Posted: 6:31 am Saturday, October 6th, 2012
By Jeff Greer
Updated Monday, Oct. 8, at 11 a.m.
Dwyer appealed Friday a Florida High School Athletic Association ruling that the school’s football team must forfeit each of its 2011 victories for using an ineligible player, but the verdict stayed firm.
FHSAA spokesman Corey Sobers said Friday afternoon Dwyer’s 2011 season would remain vacated as punishment for playing a student-athlete who used forged summer-school transcripts to gain eligibility. The case, a spin-off part of the felony charges against former Forest Hill assistant football coach and teacher Michael Dudeck, stunned Palm Beach County school officials and frustrated Dwyer’s administration, which maintained that it took all the steps necessary to avoid wrongdoing once it realized it was using the ineligible player.
The eligibility of the player in question, Onterio Rouse, now a senior on Dwyer’s team, has been reinstated, Sobers said. He had been practicing with the team this fall while the FHSAA reviewed the case.
Dwyer won 12 games in 2011, reaching the state semifinals before losing to Bradenton-Manatee, the eventual state champ. Rouse was a regular contributor to that team, but the school self-reported the potential violation when it discovered the questionable transcripts.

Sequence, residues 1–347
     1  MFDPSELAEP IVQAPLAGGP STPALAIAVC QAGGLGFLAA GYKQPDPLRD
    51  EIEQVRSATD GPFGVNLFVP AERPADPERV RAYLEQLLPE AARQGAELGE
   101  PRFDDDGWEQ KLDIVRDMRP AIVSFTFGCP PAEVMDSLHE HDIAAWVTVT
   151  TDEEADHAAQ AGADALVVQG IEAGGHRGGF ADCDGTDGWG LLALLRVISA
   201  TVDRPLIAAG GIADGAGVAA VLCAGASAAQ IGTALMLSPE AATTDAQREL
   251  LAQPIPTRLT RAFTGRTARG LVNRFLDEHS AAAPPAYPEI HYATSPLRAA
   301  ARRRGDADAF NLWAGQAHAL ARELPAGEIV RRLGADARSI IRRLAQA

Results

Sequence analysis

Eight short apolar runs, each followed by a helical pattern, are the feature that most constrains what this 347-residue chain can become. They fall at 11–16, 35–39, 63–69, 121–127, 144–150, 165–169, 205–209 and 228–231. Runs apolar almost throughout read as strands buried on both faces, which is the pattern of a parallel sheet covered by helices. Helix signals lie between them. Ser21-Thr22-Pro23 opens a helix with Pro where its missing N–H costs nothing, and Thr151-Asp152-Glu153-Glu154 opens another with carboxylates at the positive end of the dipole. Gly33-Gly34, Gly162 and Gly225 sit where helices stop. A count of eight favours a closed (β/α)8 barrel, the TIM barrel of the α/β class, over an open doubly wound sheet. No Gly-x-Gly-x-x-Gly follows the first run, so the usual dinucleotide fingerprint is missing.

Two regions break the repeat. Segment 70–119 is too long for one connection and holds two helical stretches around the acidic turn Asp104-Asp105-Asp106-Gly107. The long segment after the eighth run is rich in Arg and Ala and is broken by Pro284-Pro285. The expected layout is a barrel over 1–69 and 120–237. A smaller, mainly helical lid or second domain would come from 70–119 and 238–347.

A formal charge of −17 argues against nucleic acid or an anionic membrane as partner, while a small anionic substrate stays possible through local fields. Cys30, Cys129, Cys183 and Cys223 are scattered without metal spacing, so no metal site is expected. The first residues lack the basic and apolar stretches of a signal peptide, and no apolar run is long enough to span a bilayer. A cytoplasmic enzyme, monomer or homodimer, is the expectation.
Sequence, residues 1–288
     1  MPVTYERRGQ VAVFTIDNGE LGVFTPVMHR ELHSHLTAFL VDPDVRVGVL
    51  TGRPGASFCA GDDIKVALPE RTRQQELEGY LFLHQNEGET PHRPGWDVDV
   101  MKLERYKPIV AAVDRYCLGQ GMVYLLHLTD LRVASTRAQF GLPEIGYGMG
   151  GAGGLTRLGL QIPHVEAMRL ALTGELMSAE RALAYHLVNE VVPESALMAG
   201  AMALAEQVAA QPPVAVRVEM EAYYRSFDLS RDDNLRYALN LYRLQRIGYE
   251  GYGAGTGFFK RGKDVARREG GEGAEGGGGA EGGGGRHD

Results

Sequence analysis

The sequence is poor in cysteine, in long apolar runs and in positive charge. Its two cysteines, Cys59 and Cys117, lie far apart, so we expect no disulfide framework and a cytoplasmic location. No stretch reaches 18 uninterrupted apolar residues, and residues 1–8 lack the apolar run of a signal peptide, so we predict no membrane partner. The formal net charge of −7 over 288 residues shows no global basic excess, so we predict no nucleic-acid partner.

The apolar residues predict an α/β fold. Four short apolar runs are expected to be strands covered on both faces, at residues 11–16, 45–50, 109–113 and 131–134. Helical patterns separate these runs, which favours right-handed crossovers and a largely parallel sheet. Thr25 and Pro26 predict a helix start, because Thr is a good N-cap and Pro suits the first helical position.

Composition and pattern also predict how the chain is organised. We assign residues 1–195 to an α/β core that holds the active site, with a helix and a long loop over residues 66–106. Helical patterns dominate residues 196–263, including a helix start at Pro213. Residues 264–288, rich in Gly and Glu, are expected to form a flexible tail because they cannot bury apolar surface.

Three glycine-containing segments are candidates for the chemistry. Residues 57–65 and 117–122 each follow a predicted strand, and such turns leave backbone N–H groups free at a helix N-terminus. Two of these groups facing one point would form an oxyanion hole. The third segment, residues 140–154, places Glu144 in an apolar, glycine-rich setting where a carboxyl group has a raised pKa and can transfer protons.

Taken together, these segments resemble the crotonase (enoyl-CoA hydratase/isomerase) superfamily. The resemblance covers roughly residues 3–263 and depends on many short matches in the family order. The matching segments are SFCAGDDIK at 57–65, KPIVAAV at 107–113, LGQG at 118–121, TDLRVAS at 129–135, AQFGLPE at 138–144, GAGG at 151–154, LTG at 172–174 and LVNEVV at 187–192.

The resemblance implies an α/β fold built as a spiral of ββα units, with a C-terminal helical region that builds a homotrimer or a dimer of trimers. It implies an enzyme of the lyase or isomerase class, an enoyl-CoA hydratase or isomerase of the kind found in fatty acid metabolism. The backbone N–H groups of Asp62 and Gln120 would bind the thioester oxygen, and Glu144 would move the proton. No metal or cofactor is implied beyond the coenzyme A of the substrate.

The following is from our original report in September, when we reported Dwyer would vacate its wins:
Daniels said he became aware of Rouse’s academic issues early in the summer of 2011, following his transfer from Palm Beach Gardens High to Dwyer. Daniels advised Rouse to improve his grades by taking summer courses. In the following weeks, Daniels said, Rouse informed him he was on track.
In Aug. 2011, Daniels said, a Dwyer guidance counselor informed him of a potential issue with Rouse’s summer transcript, which bore a Lake Worth Christian logo. They showed the transcript to then-Principal Joseph Lee, who also questioned the document’s construction.
“He said, ‘It looks like it was cut-and-pasted,’ ” Daniels said.
Lee ruled Rouse ineligible, then contacted the Palm Beach County School District for further clarification.
“They said until we know if it’s real or fake, err on the side of the child,” said Lee, who in May was promoted to Assistant Superintendent of Safety, Culture and Learning Environment. “We did the right thing. I think the district did the right thing.”